Feb 16 The Czech cabinet approved on Monday a
package of tax cuts and spending which, together with earlier
measures, totals 1.9 percent of GDP, while Hungary unveiled a
package including changes in taxes, benefits and pensions.
Following are some details of stimulus packages announced by
European governments to help weather the financial crisis:
* BULGARIA -- The government has increased by 20 percent to
5.6 billion levs ($3.66 billion) capital expenditure for 2009.
The money will go into infrastructure projects, public building
repairs and education and healthcare-related projects to create
* CZECH REPUBLIC -- The Czech government has more than
doubled the size of its stimulus package to 73 billion crowns
($3.3 billion) in revenue and spending, representing 1.9 percent
of GDP. New tax cuts and spending measures account for 1.1
percent of GDP.
-- The plan, which will push the fiscal deficit
"significantly" above 3 percent of GDP, sees lower social
security payments, faster depreciation of property, and widening
a value-added tax write-off for the purchase of new cars.
* FRANCE -- France unveiled a 26 billion euro stimulus
package, equivalent to 1.3 percent of gross domestic product.
President Nicolas Sarkozy said on Dec. 31 France was ready to
pump more aid into the economy on top of this amount.
-- The French economy minister said the plan should create
80,000-110,000 new jobs, making up for the expected
disappearance of some 90,000 jobs due to the crisis.
* GERMANY -- The lower house of German parliament approved a
50 billion euro ($66 billion) second stimulus package on Feb.
13, combining investment spending and tax cuts. It includes
investment in infrastructure projects and education, incentives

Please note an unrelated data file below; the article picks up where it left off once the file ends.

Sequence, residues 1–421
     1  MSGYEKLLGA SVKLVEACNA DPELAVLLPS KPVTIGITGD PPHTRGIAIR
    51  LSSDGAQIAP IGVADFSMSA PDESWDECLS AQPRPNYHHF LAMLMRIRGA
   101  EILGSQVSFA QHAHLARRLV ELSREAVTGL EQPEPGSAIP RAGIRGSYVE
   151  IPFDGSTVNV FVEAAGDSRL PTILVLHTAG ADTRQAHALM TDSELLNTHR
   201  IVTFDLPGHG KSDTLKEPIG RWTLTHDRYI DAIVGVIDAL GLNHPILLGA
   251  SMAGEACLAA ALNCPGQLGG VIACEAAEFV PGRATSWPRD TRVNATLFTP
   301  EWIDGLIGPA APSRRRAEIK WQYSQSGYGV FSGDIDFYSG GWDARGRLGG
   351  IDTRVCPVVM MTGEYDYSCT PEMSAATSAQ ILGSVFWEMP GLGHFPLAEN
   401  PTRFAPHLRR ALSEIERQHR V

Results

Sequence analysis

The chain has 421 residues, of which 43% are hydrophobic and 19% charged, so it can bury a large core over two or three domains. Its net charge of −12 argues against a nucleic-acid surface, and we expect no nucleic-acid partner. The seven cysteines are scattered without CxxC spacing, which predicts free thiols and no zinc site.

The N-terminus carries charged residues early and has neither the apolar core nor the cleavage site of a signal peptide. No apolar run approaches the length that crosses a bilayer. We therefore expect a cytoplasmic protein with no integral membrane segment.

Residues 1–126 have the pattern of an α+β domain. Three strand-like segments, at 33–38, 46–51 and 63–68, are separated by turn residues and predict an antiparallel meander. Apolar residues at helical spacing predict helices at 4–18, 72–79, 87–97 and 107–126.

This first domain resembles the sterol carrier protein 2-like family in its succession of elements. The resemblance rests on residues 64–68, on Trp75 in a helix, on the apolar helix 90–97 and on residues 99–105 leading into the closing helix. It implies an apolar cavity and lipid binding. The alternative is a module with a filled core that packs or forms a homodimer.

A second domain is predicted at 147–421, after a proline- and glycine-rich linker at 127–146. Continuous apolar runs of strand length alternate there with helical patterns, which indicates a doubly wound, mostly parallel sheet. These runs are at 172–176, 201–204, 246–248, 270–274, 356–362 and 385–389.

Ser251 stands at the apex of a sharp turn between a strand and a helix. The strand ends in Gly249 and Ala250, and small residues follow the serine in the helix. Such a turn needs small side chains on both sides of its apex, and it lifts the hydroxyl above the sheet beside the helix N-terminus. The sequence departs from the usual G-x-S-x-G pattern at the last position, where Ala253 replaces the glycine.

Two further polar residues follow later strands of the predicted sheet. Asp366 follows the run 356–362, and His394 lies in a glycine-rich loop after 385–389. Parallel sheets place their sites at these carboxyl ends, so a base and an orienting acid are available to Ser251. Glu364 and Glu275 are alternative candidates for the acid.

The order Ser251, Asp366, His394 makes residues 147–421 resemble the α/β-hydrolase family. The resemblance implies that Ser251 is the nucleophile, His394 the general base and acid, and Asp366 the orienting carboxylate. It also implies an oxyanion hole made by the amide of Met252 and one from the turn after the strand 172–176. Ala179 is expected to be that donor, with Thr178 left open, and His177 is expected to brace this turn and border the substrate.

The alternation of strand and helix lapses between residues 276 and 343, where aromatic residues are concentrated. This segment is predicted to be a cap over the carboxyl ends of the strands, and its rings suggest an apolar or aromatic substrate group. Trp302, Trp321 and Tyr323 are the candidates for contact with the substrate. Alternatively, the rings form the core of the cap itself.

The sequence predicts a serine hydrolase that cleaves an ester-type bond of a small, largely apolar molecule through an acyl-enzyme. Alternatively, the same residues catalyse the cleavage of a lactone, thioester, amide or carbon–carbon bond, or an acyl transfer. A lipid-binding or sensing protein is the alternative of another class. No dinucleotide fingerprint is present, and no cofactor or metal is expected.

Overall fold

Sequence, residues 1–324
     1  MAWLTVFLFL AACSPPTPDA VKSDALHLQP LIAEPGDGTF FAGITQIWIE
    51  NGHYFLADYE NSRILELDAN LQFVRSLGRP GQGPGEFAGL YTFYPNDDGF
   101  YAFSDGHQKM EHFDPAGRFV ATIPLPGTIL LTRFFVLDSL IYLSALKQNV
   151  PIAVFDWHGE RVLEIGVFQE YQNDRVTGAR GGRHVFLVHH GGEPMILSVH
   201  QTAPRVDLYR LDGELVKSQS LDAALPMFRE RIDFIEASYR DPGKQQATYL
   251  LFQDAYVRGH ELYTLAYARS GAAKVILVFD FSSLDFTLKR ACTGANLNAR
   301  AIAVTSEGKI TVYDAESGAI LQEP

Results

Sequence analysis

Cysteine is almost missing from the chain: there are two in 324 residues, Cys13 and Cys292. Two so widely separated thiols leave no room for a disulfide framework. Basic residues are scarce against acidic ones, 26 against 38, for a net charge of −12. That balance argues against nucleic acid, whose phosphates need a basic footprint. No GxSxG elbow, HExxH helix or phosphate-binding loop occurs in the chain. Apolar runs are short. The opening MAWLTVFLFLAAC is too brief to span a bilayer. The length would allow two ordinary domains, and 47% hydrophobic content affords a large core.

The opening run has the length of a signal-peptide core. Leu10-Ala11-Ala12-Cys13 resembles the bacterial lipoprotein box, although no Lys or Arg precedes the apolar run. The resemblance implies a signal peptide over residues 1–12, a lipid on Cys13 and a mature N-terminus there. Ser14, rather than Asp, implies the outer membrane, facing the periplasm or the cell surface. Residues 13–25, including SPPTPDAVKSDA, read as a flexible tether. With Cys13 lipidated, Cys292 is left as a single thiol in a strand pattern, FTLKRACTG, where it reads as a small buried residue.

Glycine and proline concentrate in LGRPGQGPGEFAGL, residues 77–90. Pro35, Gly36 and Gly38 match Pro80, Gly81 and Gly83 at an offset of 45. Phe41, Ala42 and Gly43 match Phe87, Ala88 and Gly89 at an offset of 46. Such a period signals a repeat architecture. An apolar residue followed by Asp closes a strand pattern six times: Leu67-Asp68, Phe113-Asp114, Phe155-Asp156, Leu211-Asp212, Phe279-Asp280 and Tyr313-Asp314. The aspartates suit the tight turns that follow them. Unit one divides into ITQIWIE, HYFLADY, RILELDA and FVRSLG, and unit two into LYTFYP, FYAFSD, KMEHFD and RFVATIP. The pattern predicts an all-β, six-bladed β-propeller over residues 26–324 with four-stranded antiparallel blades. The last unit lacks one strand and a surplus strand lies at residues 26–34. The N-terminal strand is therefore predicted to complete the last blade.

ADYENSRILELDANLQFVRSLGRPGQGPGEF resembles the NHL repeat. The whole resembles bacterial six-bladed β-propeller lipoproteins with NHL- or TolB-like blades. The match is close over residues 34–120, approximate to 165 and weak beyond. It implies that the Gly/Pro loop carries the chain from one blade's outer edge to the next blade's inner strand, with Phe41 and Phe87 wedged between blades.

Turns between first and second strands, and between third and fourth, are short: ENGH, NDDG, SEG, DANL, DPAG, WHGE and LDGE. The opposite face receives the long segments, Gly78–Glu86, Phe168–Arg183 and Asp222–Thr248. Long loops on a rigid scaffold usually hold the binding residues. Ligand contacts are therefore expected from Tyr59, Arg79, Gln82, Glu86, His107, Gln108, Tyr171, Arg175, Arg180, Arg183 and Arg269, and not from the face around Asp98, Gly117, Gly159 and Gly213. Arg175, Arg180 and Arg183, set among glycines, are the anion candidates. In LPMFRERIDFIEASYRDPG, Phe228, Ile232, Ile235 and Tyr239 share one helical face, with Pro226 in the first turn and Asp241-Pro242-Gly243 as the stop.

for new car purchases and one-off payments of 100 euros for
every child in Germany.
-- Germany had previously passed a package of measures worth
31 billion euros, aimed at generating 50 billion euros of
investment and new contracts over two years.
* UNITED KINGDOM -- Britain pledged to spend 500 million
pounds ($754 million) to tackle rising unemployment. The pledged
money is part of a 20 billion pound ($29.91 billion) fiscal
package announced in November.
-- Companies will get 2,500 pounds ($3,767) for new recruits
who have been unemployed for more than six months.
-- The November package included tax cuts and 3 billion
pounds of capital spending, amounting to about 1 percent of GDP.
According to the pre-budget report it will reduce the effect of
the downturn by 0.5 percentage points. It includes a value-added
tax (VAT) cut from 17.5 percent to 15 percent until end-2009.
* HUNGARY -- Prime Minister Ferenc Gyurcsany unveiled tax
and budget measures on Monday, under which the government plans
to raise the main value-added tax to increase revenue and allow
a cut in taxes on jobs to boost the economy.
-- In November, Hungary announced plans for a 1.4 trillion
forint ($6.9 billion), two-year stimulus package to kick-start
economic growth. The package does not involve new spending but
regroups existing funds to assist businesses.
-- 680 billion forints would be allocated to provide lending
guarantees primarily to small and medium-sized firms and 260
billion forints will provide liquidity for lending.